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Understanding and Thinking
Understanding and Thinking
Right from birth, children are aware of their surroundings and want to explore them. As your child plays and interacts with the people and objects around him, he learns about his body, his home and the world around him.
Below are some of the typical developmental milestones for “cognitive skills” (thinking and understanding). After each age group, you can find some “red flags” that might indicate a concern.
Please also see Communication Skills for more information about early development because they can often tell us a lot about cognitive development in children under 2 years of age.
Between the ages of 0-4 months, your baby will:
- See clearly within 13 inches from her face
- Focus on and follow moving objects, including human faces
- Begin to anticipate events (e.g. sucking at the sight of a nipple)
- Demand a lot of attention from you
- Enjoy interactive play
- Enjoy doing the same thing again and again
Between the ages of 4-8 months, your baby will:
- Recognize faces
- Notice a difference between two people based on the way they look, sound, or feel
- Imitate the facial expressions of others
- Respond to familiar sounds
- Enjoy looking at other babies
- Enjoy pop-up toys that surprise her
- Enjoy playing peek-a-boo
Red Flags for Cognitive Development (0-8 months)
If you notice some of the following things by the time your baby is 6-8 months old, you may want to talk to your doctor, or to another health professional such as an Infant Development Consultant, speech-language pathologist, or occupational therapist.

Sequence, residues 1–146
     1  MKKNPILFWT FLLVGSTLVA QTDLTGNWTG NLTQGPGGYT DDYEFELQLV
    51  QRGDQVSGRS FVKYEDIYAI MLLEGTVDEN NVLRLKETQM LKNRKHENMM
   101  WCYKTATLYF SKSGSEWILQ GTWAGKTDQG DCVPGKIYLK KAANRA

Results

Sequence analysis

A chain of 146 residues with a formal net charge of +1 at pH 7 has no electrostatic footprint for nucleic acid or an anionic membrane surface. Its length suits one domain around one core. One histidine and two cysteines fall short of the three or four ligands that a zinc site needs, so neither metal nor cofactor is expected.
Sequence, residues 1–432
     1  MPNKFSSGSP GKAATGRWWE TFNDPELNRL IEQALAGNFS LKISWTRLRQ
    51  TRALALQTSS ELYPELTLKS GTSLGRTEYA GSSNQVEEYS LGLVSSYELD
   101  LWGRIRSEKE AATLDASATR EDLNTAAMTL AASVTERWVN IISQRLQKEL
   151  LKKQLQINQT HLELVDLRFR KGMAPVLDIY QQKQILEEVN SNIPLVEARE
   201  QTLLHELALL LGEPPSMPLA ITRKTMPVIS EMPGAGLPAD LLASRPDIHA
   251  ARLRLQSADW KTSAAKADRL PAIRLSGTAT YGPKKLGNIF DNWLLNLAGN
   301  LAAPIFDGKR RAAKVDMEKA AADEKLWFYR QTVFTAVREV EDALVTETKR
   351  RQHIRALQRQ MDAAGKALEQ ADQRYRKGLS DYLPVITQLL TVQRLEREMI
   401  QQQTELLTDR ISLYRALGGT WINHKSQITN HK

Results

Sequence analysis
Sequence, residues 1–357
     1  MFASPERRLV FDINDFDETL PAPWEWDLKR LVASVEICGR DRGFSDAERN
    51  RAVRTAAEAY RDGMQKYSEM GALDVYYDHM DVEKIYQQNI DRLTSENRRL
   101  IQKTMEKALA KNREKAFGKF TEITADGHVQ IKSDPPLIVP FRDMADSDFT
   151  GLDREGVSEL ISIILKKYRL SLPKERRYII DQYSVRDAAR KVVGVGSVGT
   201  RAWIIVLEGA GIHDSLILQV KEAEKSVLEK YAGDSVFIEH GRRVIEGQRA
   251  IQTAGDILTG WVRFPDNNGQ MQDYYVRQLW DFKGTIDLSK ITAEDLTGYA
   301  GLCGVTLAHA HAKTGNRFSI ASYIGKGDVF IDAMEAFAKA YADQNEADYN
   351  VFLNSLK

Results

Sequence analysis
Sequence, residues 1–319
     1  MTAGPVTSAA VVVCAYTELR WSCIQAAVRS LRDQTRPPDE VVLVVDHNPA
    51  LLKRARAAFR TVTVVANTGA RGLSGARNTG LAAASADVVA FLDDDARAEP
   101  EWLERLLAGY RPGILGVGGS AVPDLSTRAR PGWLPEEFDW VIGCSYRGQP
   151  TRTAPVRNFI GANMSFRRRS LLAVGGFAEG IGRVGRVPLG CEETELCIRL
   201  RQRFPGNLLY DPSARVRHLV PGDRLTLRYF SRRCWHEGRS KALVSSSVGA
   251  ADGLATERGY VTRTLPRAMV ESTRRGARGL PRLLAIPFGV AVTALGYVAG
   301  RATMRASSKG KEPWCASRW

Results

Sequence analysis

- Your child is not tracking objects with his eyes
- Your child is not responding to sounds
- Your child is not repeating actions to have pleasurable results
- Your child avoids close contact or cuddling
- Your child is inconsolable at night
- Your child can’t seem to self-soothe or calm herself
- Your child has no interest in games like peek-a-boo
Between the ages of 8-12 months, your baby will:
- Show happiness to see her parents’ face, her toys, or a mirror
- Know strangers from his family, and cry when his parent goes away
- Give affection and love
- Pay attention to simple commands such as ‘no’ and ‘give it to me.’
- Have fear with new situations
- Understand that an object is still there when she can’t see it (e.g. hidden under a blanket)
- Imitate gestures and actions
- Enjoy looking at picture books
Red Flags for Cognitive Development (12 months)
If you notice some of the following things by the time your baby is 12 months old, you may want to talk to your doctor, or to another health professional such as an Infant Development Consultant, speech-language pathologist, or occupational therapist.
- She doesn’t search for hidden or removed objects
- He tries to solve problems by just repeating actions, instead of using trial and error
- She is not anticipating the effects of her actions (e.g. knocking down blocks)
- He is not showing interest in other children his age
- She is not using toys for their intended purpose
- He has extreme difficulty waiting for something he wants
- She is very rigid about her routine, food items, clothing, etc.
- He has limited or fleeting eye contact with others